The Michigan Association of Broadcasters, along with other broadcaster associations representing 49 states, the District of Columbia, and Puerto Rico, recently filed Joint Comments in the FCC’s rulemaking proceeding regarding proposed changes to the Emergency Alert System. We pointed out how state broadcasters associations played an important role in the effort to pass a federal statute authorizing the Integrated Public Alert and Warning System (IPAWS), and how broadcasters and State Emergency Communications Committees (SECCs) are committed and critical stakeholders in our nation’s emergency alerting network. A broad theme of our comments was the need for EAS issues to be addressed at the state and local levels where possible, giving SECCs and EAS participants the necessary discretion to make decisions that work for their respective communities. Some of the specific points included in the comments were:
- The state broadcaster associations objected to proposals claiming to enhance the security of the EAS network, but which would in fact impose unreasonable burdens on broadcasters, such as requiring broadcasters to notify the FCC of security breaches (e.g., the unauthorized triggering of an alert) within 15-30 minutes. We pointed out that imposing such burdens could have a chilling effect on full participation by broadcasters in EAS.
- The state broadcaster associations urged the FCC to adopt rules requiring cable systems to implement “selective override” for TV broadcast stations, which would prevent cable set-top boxes from automatically tuning all channels during an EAS alert to a cable channel providing only generic information about the emergency situation. Without a selective override requirement, TV stations which provide up to the minute news and weather reports during emergency and severe weather situations will continue to be subject to having their signals automatically blocked by cable operators at the very time when detailed emergency or weather information is most needed.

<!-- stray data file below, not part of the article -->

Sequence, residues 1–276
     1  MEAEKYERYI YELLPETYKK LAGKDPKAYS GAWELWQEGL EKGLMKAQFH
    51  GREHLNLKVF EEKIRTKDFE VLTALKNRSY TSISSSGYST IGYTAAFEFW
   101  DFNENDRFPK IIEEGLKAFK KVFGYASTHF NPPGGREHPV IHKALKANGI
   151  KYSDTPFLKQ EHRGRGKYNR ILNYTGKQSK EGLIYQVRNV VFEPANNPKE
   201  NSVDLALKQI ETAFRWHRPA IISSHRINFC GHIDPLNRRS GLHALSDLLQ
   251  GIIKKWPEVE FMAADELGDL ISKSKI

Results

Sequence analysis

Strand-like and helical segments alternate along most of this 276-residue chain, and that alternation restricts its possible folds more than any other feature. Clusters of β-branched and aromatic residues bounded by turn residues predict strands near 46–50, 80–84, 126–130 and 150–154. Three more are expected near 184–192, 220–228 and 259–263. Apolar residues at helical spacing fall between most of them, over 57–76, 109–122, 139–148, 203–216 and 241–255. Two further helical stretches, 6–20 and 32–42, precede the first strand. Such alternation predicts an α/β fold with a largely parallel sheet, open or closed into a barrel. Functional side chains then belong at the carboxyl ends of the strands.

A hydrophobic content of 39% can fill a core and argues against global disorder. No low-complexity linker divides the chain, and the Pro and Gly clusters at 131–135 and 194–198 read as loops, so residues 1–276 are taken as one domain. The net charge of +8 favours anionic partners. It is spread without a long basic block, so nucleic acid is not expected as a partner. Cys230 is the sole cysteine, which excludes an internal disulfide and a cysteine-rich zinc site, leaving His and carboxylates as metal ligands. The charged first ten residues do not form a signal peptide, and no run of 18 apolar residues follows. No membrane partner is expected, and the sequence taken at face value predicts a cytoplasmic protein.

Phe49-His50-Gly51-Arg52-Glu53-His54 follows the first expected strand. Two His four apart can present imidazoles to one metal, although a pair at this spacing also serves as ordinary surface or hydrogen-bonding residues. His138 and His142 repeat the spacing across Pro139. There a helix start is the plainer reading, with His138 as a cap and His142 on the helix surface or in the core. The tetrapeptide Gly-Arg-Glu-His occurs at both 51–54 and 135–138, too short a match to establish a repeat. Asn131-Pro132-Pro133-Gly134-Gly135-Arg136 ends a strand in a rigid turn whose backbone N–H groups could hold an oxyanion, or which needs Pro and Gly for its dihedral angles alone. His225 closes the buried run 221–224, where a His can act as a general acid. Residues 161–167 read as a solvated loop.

- The state broadcaster associations supported the idea of allowing broadcasters, at their discretion, to perform live code EAS testing without the need for FCC waivers, to use EAS tones in PSAs, and to use WEA (Wireless Emergency Alert) tones in news reports designed to inform the public about WEA, (subject to safeguards) to assure that such codes do not trigger alerts downstream.
- The state broadcaster associations questioned a proposal to bring social media and other non-broadcast/cable platforms into the EAS network, arguing that those platforms, in many cases are still evolving, and are of uncertain reliability and utility as sources for distributing alerts.
- The state broadcaster associations cautioned the FCC against adopting any “one-size-fits-all” template for State EAS Plans which would impair the flexibility of SECCs to tailor plans to their own respective states’ needs, or which would impose unreasonable burdens on the SECCs that would have to rewrite their plans to fit such a template. We also cautioned the FCC generally about adopting proposals which would increase the burdens on SECCs, as they are typically volunteer organizations with limited resources.